Barack Obama is finally telling Americans why enacting his economic programs is the right thing to do. Not just prudent, not just efficient, but right. For a long time in this country, talk about what’s right has been the monopoly of the right. But Obama’s election will be little more than Bill Clinton’s third term unless it sparks an overall revival of liberalism, and no political movement revives without core beliefs about what’s right. After thirty years of conservative, “greed is good” political philosophy, Obama faces the daunting task of explaining to Americans why they should once again care for one another.
“Hotheads” like ex-Senator Gary Hart and columnist E.J. Dionne have been urging Obama to think deeply about this for months. In June, Hart wrote: “Democrats, meanwhile, have yet to produce a coherent ideological framework to replace the New Deal, despite an eight-year experiment in “triangulation” and an undefined “centrism.” Once elected, Barack Obama would have a rare opportunity to define a new Democratic Party. He could preside over the beginning of a new political cycle that, if relevant to the times, would dominate American politics for three or four decades to come.” Dionne thinks “an ideology, and a way of doing business stand discredited to a large majority of Americans…. Bush’s blunders have opened up new possibilities.”
For an agonizingly long time, it looked as if Obama was not going to produce a new way of thinking. In the first debate with John McCain, Obama stuck to his centrist script of trying to sound like nothing more than a kinder, gentler tax-cutting conservative, assuring his listeners that “95 percent of you will get a tax cut.” It looked as if the economic debate was going to focus at most on whether federal taxing and spending would stimulate the economy, not whether it would make a more just society.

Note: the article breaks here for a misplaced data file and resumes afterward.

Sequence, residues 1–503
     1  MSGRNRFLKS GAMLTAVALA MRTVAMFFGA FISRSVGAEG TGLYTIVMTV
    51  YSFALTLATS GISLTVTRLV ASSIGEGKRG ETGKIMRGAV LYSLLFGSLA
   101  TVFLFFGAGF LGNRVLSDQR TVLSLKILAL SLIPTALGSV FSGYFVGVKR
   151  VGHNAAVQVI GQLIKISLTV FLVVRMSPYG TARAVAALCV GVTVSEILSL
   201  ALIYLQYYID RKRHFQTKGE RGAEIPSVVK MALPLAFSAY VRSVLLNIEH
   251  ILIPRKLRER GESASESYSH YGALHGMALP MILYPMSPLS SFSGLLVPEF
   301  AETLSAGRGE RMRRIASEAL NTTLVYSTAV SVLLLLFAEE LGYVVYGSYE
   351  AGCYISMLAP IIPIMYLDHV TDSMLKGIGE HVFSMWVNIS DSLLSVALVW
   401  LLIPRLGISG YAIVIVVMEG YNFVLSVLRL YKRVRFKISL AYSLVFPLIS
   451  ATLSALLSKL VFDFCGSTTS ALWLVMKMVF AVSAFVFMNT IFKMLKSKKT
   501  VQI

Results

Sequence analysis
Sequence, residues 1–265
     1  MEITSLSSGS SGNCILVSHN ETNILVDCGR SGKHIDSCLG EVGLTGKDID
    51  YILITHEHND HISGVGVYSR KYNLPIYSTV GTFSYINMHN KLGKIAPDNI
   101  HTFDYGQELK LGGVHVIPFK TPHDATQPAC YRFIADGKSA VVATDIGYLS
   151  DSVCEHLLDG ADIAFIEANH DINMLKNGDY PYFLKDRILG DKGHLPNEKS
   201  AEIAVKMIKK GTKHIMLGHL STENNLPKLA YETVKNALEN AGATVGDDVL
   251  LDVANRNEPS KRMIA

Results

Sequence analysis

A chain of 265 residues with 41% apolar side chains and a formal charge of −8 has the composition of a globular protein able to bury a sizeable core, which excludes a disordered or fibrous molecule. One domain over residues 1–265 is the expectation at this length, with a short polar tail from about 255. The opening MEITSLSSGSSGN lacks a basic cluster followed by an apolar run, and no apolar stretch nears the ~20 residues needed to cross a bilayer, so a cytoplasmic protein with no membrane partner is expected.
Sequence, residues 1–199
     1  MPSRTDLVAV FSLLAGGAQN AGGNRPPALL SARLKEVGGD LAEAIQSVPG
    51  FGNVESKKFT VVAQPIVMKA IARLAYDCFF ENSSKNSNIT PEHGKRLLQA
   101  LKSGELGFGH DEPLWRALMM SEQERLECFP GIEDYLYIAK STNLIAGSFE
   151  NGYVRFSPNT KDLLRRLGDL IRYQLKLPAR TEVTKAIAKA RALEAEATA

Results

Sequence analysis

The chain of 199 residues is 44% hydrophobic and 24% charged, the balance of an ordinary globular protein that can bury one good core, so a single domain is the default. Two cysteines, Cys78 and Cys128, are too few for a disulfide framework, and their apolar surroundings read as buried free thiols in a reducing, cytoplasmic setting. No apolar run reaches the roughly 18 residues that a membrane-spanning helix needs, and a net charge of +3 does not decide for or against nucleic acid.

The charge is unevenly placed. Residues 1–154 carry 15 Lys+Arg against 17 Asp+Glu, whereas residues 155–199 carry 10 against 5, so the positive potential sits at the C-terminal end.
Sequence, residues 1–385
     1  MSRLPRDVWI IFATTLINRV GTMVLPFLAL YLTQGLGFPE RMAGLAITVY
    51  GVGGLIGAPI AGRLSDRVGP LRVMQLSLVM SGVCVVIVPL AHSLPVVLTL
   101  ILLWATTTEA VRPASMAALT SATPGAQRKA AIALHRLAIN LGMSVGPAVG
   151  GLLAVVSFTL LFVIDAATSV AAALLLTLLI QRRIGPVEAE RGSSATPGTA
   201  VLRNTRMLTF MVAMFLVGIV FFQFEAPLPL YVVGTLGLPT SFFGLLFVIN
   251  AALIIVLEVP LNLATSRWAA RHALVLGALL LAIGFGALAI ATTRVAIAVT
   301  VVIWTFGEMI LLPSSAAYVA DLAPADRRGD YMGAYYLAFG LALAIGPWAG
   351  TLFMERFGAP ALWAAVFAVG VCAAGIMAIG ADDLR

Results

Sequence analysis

But as the magnitude of the conservative failure has become apparent to all but the densest Americans, Obama the philosopher emerged, with an intriguing combination of new New Deal and old New Deal thinking. The new idea is that people who are now successful should care for the ones left behind, because they were once the left-behind themselves.
Obama floated this idea for the first time in the exchange with the now-infamous Joe the Plumber. Why should he pay taxes just as he became successful? Joe asked. When Obama suggested the tax increase, at $900, was fairly small, Joe was having none of it: “I mean, I’ve worked hard. I’m a plumber. I work ten to twelve hours a day and I’m buying this company and I’m going to continue working that way. I’m getting taxed more and more while fulfilling the American dream.”
Franklin Roosevelt had one answer for people like Joe when he made the speech that announced the New Deal: “We know that individual liberty and individual happiness mean nothing unless both are ordered in the sense that one man’s meat is not another man’s poison.” The truth is that Joe will have to contribute $900 so “another man” will not be poisoned (or starve, as FDR put it a little earlier). But Obama is reluctant to say that we are all in the American enterprise together. That would be socialism, right? Instead, he made a deft move, telling Joe that he should consider his extra taxes like a transfer not to some stranger, but to his own, former, less successful self: “Over the last fifteen years, when you weren’t making $250,000, you would have been given a tax cut from me, so you’d actually have more money, which means you would have saved more, which means you would have gotten to the point where you could build your small business quicker than under the current tax code…. Put yourself back ten years ago.”